Despite claims from a variety of sources that home affordability across Canada is actually high, one expert says it's actually not as easy to buy a house as some might think.
Canadian mortgage rates have been stuck near record lows for more than two years, pointed out economic analyst Ben Rabidoux in a recent article for The Globe and Mail. Not only that, but the housing boom may be artificially propping up the rest of the economy as mortgage refinancing and home equity lines of credit support both consumption and demand. As if those two factors weren't scary enough, Rabidoux said there's a problem with the way banks calculate affordability, as well.
The Bank of Canada assumes a 5 percent down payment when it tallies its average home price index, which is fairly conservative, according to Rabidoux. Recently, Toronto-Dominion Bank Vice President Kevin Moffatt recommended homebuyers save up between 15 and 20 percent for a down payment. Continue reading
The old real estate adage used to be "location, location, location," but Canadian homebuyers appear to be narrowing their focus. Now, the refrain sounds more like "Toronto, Toronto, Toronto."
Home prices in Toronto have been rising steadily – and quickly – over the past few years, and there's no sign of a slowdown on the horizon. While many Canadians see the boom as more burden than boon, one analyst recently argued that the rapid price increases are a sign of confidence, not calamity. Canada is a powerhouse of economic calm compared with the rest of the world, and its largest city is a real estate mega-haven, according to Globe and Mail columnist Marcus Gee. Continue reading
Unless you've been living in the woods somewhere in the Northwest Territory, shut off from the outside world, chances are good you've heard it said that Canadian household debt has reached all-time highs. But despite dire warnings about crippling debt levels leading to a nationwide default on home loans, most Canadians say they're actually pretty comfortable with their current mortgages.
A new report titled "Confidence in the Canadian Mortgage Market" from the Canadian Association of Accredited Mortgage Professionals, an industry group representing mortgage brokers and other lenders, indicates the state of the market is strong. A significant majority of Canadians also appear to already be following much of the advice coming from government ministers and other financial regulators regarding the best ways to avert a national housing collapse like the one in the United States.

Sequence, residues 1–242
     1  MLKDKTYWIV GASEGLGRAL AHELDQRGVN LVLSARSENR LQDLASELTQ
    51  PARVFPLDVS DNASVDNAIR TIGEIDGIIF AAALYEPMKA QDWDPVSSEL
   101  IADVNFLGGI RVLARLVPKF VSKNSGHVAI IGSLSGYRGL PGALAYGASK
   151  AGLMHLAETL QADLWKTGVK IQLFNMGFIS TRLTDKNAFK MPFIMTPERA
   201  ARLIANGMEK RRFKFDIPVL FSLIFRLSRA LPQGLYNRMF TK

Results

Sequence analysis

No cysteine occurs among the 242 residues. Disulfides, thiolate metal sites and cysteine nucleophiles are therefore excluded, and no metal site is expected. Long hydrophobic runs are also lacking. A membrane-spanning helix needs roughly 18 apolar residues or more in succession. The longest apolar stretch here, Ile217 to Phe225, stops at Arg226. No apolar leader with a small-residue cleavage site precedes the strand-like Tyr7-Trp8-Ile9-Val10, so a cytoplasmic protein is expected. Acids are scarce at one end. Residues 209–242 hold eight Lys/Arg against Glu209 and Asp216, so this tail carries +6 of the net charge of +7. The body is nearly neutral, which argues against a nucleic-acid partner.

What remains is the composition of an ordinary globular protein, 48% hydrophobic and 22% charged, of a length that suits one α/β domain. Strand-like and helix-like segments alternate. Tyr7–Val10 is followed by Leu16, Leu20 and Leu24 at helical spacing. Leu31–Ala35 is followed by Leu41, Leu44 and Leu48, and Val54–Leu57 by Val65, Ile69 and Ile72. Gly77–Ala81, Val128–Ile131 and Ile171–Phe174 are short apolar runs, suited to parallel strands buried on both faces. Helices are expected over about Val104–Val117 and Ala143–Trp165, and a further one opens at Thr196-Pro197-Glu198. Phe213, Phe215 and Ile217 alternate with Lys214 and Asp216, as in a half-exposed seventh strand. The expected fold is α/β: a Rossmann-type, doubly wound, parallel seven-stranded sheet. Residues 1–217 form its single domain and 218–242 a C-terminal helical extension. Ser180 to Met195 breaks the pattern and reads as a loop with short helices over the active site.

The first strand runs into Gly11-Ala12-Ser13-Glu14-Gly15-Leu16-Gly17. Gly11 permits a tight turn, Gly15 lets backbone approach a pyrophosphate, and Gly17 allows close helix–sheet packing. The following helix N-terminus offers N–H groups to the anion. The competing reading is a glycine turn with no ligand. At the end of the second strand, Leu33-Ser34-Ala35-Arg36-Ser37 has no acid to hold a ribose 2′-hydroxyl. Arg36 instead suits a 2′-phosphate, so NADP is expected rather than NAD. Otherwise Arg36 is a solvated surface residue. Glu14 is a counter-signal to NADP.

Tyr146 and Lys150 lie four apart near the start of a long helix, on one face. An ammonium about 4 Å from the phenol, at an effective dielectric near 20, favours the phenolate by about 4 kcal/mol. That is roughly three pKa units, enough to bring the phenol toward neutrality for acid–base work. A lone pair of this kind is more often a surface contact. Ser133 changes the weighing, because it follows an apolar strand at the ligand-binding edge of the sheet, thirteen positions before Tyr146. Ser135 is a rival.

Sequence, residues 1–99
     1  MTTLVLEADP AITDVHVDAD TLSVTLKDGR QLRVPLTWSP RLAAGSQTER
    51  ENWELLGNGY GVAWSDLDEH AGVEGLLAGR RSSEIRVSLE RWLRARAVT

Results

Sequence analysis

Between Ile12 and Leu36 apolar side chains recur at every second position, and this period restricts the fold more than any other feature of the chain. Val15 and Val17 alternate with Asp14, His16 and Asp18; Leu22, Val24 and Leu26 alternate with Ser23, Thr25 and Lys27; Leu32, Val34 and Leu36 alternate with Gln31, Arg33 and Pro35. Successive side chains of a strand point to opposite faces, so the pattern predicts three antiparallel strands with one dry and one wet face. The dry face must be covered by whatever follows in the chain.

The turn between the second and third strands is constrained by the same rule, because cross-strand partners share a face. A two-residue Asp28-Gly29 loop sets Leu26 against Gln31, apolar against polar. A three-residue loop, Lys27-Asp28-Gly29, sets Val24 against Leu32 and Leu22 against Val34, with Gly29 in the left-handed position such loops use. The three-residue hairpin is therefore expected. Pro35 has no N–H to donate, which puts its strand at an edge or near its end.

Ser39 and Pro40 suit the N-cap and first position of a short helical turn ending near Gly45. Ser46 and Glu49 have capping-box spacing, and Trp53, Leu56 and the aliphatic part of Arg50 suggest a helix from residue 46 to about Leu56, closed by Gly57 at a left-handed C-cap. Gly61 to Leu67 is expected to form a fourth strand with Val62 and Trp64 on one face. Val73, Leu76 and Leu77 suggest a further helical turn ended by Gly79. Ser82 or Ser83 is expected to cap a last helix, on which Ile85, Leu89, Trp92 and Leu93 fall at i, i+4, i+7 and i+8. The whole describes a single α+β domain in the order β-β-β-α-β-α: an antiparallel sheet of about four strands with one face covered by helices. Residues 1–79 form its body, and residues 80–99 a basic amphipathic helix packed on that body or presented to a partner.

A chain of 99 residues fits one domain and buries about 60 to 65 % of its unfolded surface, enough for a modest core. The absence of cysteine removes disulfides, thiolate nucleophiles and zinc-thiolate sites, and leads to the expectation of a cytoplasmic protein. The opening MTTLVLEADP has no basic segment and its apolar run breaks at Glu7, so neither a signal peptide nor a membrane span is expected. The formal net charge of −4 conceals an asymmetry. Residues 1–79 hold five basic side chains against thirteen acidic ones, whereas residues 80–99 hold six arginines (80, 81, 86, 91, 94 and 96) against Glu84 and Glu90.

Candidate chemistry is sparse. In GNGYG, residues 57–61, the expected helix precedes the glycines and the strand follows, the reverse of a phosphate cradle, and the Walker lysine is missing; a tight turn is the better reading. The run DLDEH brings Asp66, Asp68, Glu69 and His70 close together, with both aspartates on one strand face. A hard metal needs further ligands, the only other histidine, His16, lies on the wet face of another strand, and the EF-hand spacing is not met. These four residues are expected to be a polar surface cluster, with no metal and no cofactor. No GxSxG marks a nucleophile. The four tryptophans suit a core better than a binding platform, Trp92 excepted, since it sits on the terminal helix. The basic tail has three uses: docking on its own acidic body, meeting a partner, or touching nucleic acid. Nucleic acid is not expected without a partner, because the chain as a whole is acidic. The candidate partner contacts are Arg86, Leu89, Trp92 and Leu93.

A number of financial bigwigs have called for certain changes in the rules governing home loans, specifically that minimum down payments should be raised from 5 to 7 percent, maximum amortization periods should be shortened from 30 to 25 years, and potential borrowers should be subjected to more rigorous financial stress testing to ensure they won't default on their loans if mortgage rates should rise in the near future. Continue reading
Canadians wondering how the current housing market boom might end could look to Spain for a real-world example. Citizens of that country invested heavily in housing during the late 1990s through the last decade and are now facing serious economic woes, according to BMO Financial Group.
Starting in 1999, investment in the Spanish housing market took off, with up to 80 percent of the country's wealth tied up in bricks and mortar. Foreign investors seeking big returns on their purchases bought property all over the country, driving up costs. Locals looking to cash in on the trend took out second and third mortgages, noted BMO Chief Economist Dr. Sherry Cooper.
"Housing is a key sector in any economy and many developed countries pride themselves on a high level of homeownership, but as we have painfully seen in recent years, over-investment in housing can result in enormous economic instability and dislocation," said Dr. Cooper. "The entire growth boom in Spain was focused on housing and households invested almost all of their assets in residential real estate." Continue reading
The Highlands neighborhood located in the northeast section of Edmonton, Alberta, has been recognized as one of the top spots for old homes in North America, according to the Edmonton Journal.
This Old House magazine recognized the Highlands as one of the nation's 10 best for old homes and is one of 61 neighborhoods in North America to be been honored for their craftsmanship, architectural diversity, community amenities and more, the news source states.
“It’s a special neighborhood, it exerts a special pull on people,” Ken Tingley, the city reigning historian laureate, who is finishing a history of the neighborhood, told the news source. “Since the beginning of the community, many people have lived there for a number of generations, or have grown up there, gone away, and then returned.” Continue reading